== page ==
Beadsman (1855–1872) was a British Thoroughbred racehorse and sire. In a career that lasted from July 1857 to June 1858, he ran seven times and won five races. He was unbeaten as a three-year-old and recorded his most important success in the 1858 Epsom Derby. He was retired to stud at the end of the season and became a successful stallion, siring the winners of several important races.
Beadsman. From the Illustrated London News, 1858
|Country||United Kingdom of Great Britain and Ireland|
|Breeder||Sir Joseph Hawley|
|Owner||Sir Joseph Hawley|
|Newmarket Stakes (1858)|
Epsom Derby (1858)
Beadsman was a "blood-like, wiry-looking, but rather leggy" horse with a dark brown coat standing 15.2½ hands high. He was bred by his owner Sir Joseph Hawley. Beadsman was sent into training with George Manning, at his stable at Cannons Heath, near Kingsclere in Hampshire, although decisions regarding his racing career were all made by Hawley. Manning's stable was converted barn and was not noted for its hygiene: a stagnant pond "where frogs and beetles revel" stood close by the entrance and was blamed for causing outbreaks of fever and "malaria" among the inmates.
Beadsman’s sire, Weatherbit, was runner-up in the 1845 Goodwood Cup before going on to a successful stud career. His dam, Mendicant, was a "very superior racemare", winning the 1000 Guineas and The Oaks in 1846 before she was bought by Hawley in 1847.
1857: two-year-old seasonEdit
Beadsman was not highly tested as a two-year-old. He ran twice at Goodwood, and although he failed to win, he showed some promise. On 28 July in the £100 Ham Stakes he dead-heated for third place behind the filly Blanche of Middlebie. Two days later, on Goodwood Cup day, he finished third to the easy winner Toxophilite in a £200 Sweepstakes.
1858: three-year-old seasonEdit
Beadsman began his three-year-old season by beating Star of the East by a neck in a race at Newmarket in early April. He returned to the same course two weeks later for the second spring meeting and won twice. On 21 April he beat an unnamed colt by Collingwood out of Sneer to win a £100 Sweepstakes. Two days later he was moved up in class to establish himself as a Derby contender in the Newmarket Stakes. He made most of the running and after what Bell's Life described "one of the finest races ever seen" finished in a dead-heat with Eclipse (by Orlando). Beadsman’s stable had another Derby contender in the 2000 Guineas winner Fitz-Roland and opinion concerning the colts’ relative merits was divided. Manning felt that Fitz-Roland was better, but Hawley favoured Beadsman and the stable jockey John Wells, was undecided. Later stories claim that Hawley did everything he could to express public confidence in Fitz-Roland, causing Beadsman to be ignored and his odds for the Derby to lengthen.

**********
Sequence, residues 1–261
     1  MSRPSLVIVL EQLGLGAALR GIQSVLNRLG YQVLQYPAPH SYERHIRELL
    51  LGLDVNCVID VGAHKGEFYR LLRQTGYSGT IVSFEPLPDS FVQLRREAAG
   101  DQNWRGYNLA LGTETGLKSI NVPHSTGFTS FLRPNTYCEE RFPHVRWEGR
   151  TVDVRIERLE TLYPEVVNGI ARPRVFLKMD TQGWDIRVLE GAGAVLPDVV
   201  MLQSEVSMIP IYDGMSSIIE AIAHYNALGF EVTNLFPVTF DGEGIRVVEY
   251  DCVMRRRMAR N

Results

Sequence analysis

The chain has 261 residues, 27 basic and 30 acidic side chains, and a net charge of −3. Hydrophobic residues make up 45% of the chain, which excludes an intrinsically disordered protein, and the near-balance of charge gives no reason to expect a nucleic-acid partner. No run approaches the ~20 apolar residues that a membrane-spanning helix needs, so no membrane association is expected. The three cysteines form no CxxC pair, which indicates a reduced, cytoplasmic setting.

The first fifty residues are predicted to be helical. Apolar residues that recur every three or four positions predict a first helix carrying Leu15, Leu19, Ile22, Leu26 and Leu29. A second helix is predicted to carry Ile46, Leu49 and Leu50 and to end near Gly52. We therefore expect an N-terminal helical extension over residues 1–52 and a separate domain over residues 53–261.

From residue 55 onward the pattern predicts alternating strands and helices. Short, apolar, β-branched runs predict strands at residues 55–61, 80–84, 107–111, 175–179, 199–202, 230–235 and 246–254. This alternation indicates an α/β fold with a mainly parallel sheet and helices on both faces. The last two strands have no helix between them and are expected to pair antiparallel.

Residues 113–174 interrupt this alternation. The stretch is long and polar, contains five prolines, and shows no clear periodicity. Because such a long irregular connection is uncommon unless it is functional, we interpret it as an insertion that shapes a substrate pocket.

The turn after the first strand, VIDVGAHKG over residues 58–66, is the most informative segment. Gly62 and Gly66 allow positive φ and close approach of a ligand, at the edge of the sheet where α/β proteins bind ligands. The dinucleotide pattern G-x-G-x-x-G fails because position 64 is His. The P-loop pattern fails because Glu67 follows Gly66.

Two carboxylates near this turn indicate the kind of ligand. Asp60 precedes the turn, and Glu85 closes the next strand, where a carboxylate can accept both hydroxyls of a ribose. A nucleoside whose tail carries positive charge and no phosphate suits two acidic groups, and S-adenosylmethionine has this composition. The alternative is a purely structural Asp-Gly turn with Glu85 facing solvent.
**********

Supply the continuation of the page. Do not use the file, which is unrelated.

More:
At Epsom on 19 May, Beadsman was ridden by Wells and started at odds of 10/1 in a field of twenty-three runners. Toxophilite, owned by the Prime Minister Lord Derby started favourite for the race which took place on an unusually hot day and attracted the customary huge crowd. Beadsman was settled just behind the leaders and turned into the straight in fourth place behind Fitz-Roland, Toxophilite and Eclipse. Fitz-Roland soon weakened and Toxophilite looked the likely winner until Wells produced Beadsman with a challenge inside the last quarter mile. Beadsman took the lead inside the final furlong and won comfortably by a length from Toxophilite with The Hadji staying on strongly for third. Many of the jockeys lost weight during the race and when Wells was checked afterwards he was found to be slightly below his registered weight. He had to add Beadsman’s bridle to the judge’s scales before he could pass the weigh-in.
In his only race after the Derby, Beadsman won a Triennial Stakes at Stockbridge Racecourse. He was entered for at least three match races in the autumn, including one against the Cesarewitch winner Prioress, but none of these happened as either Hawley or the owner of Beadsman’s rival withdrew and paid a forfeit.
Beadsman was generally regarded as the best horse in a mediocre year for three-year-olds.
Beadsman was retired to his owner’s stud at Leybourne Grange in Kent, where he remained for the rest of his life apart from a period around 1866 when he stood at Middlethorpe in Yorkshire. Beadsman proved to be a successful stallion. He sired the Derby winner Blue Gown and the St Leger winner Pero Gomez among other good winners. He died after a "short but severe" illness on 5 July 1872.
|Lady Moore Carew
|Olympia (Family: 13)|
- Beadsman was inbred 3x4 to Tramp. This means that the stallion appears in both the third and fourth generations of his pedigree.
- The Farmer's magazine - Google Books. Books.google.co.uk. Retrieved 2012-01-07.
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- "Papers Past — Otago Witness — 5 October 1872 — SPORTING NOTES". Paperspast.natlib.govt.nz. Retrieved 2012-01-07.
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- "Papers Past — Lyttelton Times — 22 September 1858 — Sporting". Paperspast.natlib.govt.nz. Retrieved 2012-01-07.
- "Papers Past — Wellington Independent — 29 September 1858 — THE DERBY DAY.—May 19". Paperspast.natlib.govt.nz. Retrieved 2012-01-07.
- "21 Aug 1858 - THE AMERICAN TURF V. THE ENGLISH". Trove.nla.gov.au. Retrieved 2012-01-07.
- Patricia Erigero Thoroughbred Heritage. "Beadsman". Tbheritage.com. Retrieved 2012-01-07.
- Patricia Erigero Thoroughbred Heritage. "13 Royal Mare (Sedbury Royal Mare)". Tbheritage.com. Retrieved 2012-01-07.